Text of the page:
Sarah Tishkoff- University of Pennsylvania


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Integrative Genomic Studies of Adaptive Traits in Africa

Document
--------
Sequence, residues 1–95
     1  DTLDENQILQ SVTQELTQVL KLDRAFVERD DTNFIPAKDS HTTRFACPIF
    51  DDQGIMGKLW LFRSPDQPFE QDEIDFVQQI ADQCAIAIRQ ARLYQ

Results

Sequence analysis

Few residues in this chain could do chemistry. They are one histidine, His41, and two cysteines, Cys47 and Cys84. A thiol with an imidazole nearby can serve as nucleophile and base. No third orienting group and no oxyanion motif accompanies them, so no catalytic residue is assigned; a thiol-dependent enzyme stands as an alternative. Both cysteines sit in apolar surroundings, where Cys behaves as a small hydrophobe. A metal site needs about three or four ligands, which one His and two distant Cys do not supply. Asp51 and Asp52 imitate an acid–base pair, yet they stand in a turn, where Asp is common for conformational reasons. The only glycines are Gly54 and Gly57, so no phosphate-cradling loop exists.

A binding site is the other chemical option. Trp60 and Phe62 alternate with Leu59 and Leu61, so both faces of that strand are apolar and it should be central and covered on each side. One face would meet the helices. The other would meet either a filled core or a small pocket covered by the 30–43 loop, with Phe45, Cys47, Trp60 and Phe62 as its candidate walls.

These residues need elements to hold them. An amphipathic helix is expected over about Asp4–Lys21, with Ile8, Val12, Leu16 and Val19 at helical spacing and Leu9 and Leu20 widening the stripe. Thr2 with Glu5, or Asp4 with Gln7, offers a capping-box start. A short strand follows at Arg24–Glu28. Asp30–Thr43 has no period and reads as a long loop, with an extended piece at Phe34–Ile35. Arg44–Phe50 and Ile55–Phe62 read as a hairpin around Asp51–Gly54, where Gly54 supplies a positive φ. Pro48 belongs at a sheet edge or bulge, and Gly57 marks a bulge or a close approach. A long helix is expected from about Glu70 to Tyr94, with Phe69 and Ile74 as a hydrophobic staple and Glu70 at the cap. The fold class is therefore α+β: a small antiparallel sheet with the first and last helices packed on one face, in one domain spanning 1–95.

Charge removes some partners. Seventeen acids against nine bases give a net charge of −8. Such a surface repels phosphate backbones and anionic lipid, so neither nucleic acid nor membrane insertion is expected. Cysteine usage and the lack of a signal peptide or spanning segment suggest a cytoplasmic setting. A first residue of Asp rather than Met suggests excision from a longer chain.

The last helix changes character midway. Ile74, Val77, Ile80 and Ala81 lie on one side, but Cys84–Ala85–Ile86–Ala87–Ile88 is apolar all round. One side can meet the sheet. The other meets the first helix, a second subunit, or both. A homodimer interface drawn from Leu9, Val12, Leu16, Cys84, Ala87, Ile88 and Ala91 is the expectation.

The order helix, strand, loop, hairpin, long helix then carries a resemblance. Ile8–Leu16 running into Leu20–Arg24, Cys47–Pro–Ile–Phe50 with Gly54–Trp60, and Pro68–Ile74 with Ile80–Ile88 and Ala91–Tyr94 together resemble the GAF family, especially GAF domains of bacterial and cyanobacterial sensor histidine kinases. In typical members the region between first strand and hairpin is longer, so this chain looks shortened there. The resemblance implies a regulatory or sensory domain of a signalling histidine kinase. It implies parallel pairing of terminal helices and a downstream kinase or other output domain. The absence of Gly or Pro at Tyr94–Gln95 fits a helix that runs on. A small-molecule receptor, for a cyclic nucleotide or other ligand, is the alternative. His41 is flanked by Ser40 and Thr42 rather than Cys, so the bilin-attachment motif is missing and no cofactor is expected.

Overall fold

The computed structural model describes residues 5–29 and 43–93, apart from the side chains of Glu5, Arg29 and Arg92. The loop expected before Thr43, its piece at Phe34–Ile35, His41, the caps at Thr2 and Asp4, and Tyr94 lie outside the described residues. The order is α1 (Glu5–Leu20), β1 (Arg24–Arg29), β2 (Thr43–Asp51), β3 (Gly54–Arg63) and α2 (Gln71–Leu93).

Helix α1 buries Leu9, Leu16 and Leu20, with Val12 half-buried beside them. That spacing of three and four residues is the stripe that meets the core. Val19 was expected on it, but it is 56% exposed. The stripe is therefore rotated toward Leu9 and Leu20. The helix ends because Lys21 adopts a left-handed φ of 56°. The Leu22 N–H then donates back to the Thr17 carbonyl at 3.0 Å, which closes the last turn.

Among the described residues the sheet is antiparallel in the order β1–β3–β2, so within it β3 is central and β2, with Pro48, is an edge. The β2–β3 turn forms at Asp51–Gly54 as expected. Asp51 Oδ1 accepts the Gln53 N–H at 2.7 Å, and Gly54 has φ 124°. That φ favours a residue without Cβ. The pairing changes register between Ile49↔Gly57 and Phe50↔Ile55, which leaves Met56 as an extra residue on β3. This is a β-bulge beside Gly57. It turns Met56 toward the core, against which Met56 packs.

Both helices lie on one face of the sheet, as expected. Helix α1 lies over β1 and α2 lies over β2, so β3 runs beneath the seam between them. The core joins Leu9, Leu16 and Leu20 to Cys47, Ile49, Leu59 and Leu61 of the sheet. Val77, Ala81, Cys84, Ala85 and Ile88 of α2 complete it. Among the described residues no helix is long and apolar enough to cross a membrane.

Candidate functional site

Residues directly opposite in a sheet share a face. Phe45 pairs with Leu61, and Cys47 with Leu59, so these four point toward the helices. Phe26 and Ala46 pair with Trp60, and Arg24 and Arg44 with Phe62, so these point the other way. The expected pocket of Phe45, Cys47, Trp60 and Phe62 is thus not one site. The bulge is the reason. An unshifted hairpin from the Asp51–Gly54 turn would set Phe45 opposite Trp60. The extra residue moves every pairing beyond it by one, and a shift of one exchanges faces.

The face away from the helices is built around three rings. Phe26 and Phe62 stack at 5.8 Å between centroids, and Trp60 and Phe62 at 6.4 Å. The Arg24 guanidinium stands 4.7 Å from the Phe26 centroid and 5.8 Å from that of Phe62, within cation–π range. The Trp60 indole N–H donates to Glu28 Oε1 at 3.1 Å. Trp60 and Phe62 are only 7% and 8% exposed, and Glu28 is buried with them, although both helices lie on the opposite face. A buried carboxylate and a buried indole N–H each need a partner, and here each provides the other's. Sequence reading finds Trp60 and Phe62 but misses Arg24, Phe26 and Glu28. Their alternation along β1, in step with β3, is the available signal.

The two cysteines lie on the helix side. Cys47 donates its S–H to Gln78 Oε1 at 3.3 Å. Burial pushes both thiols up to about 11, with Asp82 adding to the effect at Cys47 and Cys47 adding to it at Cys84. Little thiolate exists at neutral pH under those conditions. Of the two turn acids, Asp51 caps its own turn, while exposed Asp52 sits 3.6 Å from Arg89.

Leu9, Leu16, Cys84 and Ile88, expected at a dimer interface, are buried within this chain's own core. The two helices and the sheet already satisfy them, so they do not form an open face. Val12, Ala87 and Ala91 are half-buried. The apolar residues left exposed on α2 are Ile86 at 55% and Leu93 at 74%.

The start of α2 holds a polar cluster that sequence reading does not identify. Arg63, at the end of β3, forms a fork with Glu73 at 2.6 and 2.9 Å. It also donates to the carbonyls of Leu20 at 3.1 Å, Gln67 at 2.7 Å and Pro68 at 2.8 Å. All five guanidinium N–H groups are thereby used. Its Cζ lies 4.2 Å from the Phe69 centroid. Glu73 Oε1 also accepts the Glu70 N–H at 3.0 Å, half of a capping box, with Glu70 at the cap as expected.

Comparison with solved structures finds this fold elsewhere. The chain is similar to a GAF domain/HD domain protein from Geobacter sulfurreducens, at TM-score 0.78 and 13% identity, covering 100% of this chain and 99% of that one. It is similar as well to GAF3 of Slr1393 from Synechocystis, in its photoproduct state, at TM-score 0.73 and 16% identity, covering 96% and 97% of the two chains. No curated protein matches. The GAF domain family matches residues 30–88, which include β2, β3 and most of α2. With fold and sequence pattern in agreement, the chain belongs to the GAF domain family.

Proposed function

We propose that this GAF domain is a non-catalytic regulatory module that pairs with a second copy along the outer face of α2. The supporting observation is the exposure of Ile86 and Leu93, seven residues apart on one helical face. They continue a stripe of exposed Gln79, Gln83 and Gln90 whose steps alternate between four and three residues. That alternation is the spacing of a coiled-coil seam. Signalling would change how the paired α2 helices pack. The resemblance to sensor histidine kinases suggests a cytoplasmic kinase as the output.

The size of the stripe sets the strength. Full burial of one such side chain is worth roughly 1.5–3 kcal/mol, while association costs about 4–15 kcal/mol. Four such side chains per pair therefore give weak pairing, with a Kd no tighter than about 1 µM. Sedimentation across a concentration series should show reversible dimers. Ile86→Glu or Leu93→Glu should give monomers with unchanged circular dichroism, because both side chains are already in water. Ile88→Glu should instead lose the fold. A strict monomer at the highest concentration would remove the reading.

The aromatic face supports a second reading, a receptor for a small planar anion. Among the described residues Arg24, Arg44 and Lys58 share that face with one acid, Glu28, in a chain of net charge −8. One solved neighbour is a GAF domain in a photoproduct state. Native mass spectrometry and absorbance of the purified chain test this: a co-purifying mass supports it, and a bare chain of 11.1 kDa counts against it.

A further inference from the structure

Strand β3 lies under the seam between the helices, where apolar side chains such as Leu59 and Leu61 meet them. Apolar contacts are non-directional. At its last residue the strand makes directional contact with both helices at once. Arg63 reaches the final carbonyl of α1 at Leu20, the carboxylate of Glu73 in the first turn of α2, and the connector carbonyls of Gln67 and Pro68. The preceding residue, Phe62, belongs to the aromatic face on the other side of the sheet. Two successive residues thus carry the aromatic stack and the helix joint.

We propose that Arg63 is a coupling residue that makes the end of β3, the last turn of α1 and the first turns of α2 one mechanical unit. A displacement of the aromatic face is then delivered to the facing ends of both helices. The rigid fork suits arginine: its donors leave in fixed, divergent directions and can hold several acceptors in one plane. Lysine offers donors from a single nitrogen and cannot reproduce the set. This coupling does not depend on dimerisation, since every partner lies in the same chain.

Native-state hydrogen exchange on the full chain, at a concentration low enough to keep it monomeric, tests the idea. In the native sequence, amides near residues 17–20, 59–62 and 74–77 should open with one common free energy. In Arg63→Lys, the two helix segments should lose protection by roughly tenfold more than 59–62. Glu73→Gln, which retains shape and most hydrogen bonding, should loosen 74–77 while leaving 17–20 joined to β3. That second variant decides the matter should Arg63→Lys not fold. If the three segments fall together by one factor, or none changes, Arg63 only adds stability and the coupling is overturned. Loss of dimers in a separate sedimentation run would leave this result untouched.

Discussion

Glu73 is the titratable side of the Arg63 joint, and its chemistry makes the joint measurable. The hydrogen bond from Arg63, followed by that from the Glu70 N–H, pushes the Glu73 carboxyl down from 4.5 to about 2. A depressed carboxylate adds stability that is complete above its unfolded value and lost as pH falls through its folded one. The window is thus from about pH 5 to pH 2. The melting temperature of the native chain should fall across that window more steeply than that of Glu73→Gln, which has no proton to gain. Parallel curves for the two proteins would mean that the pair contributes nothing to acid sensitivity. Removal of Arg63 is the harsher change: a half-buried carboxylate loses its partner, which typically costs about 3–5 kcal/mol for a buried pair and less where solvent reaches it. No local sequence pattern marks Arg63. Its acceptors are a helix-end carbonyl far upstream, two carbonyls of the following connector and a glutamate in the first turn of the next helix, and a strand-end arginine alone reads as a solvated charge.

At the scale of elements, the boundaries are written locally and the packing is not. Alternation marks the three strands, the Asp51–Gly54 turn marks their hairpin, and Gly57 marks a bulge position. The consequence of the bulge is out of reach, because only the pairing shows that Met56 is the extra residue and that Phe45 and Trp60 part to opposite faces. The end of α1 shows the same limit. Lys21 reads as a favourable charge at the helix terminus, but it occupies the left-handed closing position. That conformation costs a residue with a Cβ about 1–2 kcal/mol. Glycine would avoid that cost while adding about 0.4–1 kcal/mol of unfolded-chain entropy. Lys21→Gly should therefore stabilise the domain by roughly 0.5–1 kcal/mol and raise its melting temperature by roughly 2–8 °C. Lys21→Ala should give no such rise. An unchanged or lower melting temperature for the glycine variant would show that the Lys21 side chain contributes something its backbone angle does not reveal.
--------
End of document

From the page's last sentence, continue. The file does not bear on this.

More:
ABSTRACT: Africa is thought to be the ancestral homeland of all modern human populations. It is also a region of tremendous cultural, linguistic, climatic, and genetic diversity. Despite the important role that African populations have played in human history, they remain one of the most underrepresented groups in human genomics studies. A comprehensive knowledge of patterns of variation in African genomes is critical for a deeper understanding of human genomic diversity, the identification of functionally important genetic variation, the genetic basis of adaptation to diverse environments and diets, and the origins of modern humans. Furthermore, a deeper understanding of African genomic variation will provide the necessary foundation for powerful and efficient genome-wide association and systems biology studies to identify coding and regulatory variants that play a role in phenotypic variation including disease susceptibility. We have used whole genome SNP genotyping, high coverage genomic and transcriptomic sequencing analyses to characterize patterns of genomic variation, ancestry, and local adaptation across ethnically and geographically diverse African populations. We have identified candidate loci that play a role in adaptation to infectious disease, diet and high altitude, as well as the short stature trait in African Pygmies. Additionally, our studies shed light on human evolutionary history and African population history.

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